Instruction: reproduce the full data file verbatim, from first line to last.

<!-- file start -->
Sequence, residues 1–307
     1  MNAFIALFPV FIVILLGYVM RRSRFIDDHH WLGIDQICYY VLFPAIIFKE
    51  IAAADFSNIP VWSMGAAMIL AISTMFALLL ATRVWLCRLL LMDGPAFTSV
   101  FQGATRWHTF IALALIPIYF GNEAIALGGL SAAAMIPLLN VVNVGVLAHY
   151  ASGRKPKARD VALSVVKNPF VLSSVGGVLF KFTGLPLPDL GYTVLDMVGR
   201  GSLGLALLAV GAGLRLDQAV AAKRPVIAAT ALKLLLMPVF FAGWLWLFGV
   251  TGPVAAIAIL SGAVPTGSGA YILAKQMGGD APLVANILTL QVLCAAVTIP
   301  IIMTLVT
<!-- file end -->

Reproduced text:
Sequence, residues 1–307
     1  MNAFIALFPV FIVILLGYVM RRSRFIDDHH WLGIDQICYY VLFPAIIFKE
    51  IAAADFSNIP VWSMGAAMIL AISTMFALLL ATRVWLCRLL LMDGPAFTSV
   101  FQGATRWHTF IALALIPIYF GNEAIALGGL SAAAMIPLLN VVNVGVLAHY
   151  ASGRKPKARD VALSVVKNPF VLSSVGGVLF KFTGLPLPDL GYTVLDMVGR
   201  GSLGLALLAV GAGLRLDQAV AAKRPVIAAT ALKLLLMPVF FAGWLWLFGV
   251  TGPVAAIAIL SGAVPTGSGA YILAKQMGGD APLVANILTL QVLCAAVTIP
   301  IIMTLVT